Raise a glass to the man who can rekindle the Strummer spirit in a steely city
Backstage before his gig, and something is bothering a restless Jamie T, but it’s not nerves: “I need to fix myself a drink,” barks England’s ramshackle raga hero, panicking as he can’t find a glass in which to mix himself a JD and Coke. Overworked tour manager dispatched in search of a solution, the young Mr Treays loses patience and grabs a filthy-looking plastic bottle. Taking a generous swig of the potent-smelling brown mixture, he runs through the night’s itinerary: “Right, we’ve got beer… whiskey and sambuca. Sorted.” Nods of approval all round, disaster averted, the boy’s ready to go…
Onstage, and the inebriated street poet isn’t suffering any hiccups. As he delivers his lilting Lahndan flow, it becomes evident that the enthusiasm this crowd has for his tunes is as natural as the MC’s cheeky smile. They’ve been kicking around as bedroom demos for what seems like an age, but now these songs are beginning to sound truly important; a soundtrack for the real people, the ones you don’t read about in glossy lifestyle magazines. Tonight, with the likes of ‘Sheila’, Jamie is documenting an escapist culture weaned on booze and barbiturates, holding up a fuzzy macro lens to the windows of back-alley pubs and dens of iniquity across the country. He may be delivering them in his trademark Cockney patois, but Jamie’s observations are universal. That’s why the audience have gone to the trouble of learning every word and it’s why they’ve held this Thamesbeat troubadour so close to their hearts, long before his debut LP was released.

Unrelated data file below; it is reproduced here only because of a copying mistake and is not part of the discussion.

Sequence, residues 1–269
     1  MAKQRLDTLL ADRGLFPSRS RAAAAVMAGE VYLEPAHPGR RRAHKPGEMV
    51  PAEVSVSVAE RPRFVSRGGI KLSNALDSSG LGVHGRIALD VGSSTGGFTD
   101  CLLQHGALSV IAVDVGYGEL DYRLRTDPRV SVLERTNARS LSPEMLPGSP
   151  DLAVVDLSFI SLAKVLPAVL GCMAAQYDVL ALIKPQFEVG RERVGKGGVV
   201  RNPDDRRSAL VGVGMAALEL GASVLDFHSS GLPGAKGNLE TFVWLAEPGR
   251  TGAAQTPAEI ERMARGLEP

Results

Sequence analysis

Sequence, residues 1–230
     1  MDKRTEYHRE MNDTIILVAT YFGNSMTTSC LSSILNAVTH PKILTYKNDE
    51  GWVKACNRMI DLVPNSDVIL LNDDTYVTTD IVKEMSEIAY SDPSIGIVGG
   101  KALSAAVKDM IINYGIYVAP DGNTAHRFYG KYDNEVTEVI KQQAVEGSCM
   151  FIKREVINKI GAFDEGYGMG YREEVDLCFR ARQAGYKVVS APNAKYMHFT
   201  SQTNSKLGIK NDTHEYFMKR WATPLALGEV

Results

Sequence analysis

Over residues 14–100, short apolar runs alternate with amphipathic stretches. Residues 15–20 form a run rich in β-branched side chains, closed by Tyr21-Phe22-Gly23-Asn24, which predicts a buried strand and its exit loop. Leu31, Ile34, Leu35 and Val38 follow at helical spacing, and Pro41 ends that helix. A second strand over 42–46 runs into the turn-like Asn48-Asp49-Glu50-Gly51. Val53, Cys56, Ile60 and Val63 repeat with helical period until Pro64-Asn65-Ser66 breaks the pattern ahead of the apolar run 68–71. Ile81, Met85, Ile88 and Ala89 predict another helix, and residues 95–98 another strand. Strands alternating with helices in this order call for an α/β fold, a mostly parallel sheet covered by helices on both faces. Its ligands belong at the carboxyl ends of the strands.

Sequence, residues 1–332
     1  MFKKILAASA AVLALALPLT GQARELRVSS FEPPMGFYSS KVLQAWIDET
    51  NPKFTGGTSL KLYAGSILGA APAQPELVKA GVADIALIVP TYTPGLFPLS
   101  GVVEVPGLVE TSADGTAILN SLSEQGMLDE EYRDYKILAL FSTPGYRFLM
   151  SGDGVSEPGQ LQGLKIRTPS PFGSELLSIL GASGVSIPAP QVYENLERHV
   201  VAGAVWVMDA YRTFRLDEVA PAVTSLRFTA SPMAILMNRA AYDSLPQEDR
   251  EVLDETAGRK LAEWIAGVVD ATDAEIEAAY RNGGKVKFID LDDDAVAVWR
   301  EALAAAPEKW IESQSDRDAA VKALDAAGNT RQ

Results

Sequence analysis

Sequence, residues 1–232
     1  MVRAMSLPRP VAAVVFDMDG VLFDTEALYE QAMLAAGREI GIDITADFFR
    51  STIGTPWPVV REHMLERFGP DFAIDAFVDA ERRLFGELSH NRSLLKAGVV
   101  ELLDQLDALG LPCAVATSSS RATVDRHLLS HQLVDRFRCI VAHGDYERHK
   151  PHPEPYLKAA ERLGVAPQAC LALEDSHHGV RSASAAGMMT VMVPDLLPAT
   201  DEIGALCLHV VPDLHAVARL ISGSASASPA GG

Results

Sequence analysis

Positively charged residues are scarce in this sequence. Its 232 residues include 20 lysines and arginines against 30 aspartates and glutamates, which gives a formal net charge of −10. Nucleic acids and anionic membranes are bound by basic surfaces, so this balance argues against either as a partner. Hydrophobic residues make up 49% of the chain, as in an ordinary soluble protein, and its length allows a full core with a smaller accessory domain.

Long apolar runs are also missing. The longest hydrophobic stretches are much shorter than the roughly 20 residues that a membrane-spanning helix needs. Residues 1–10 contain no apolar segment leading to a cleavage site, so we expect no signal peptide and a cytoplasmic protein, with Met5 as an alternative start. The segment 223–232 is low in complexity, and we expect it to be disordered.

As members of support act The Maccabees flood out of their dressing room and into the crowd, they bounce forward into the moshpit. Noticing their rowdy presence, Jamie dedicates ‘Ike & Tina’ to Orlando Weeks et al. They go wild, Jamie goes wild, the room goes wild and for a moment the world stops turning. By the time it restarts the opening notes of his unlikely Top 10 hit ‘Calm Down Dearest’ are ringing out for the first time (a faster version is delivered as an encore) and the crowd have already taken their cue to sing it for him. Jamie stands there, mouth gaping, genuinely overawed. Already this man’s songs have a life of their own.
Early gigs saw him take the stage alone, armed only with his trusty acoustic bass guitar. Tonight, aside from a couple of solo numbers (including his Billy Bragg cover, ‘New England’, which he dedicates to a Bragg lookalike in the crowd), the songs are all given raucous, ramshackle rock’n’roll treatments. Like the Monkeys rocking out with Dizzee, Jamie’s scattershot delivery veers full circle, from grime MC to protest-punk while his band lay into their instruments at a frenetic pace. As they bawl through ‘Brand New Bass Guitar’, the gang sound like their beloved Clash – it’s proof positive that Strummer’s genre-straddling rebel spirit is still alive and well inside Jamie’s young heart and, in 2007, it’ll be this beat the nation dances to… We’ll drink to that, and you know Jamie will too.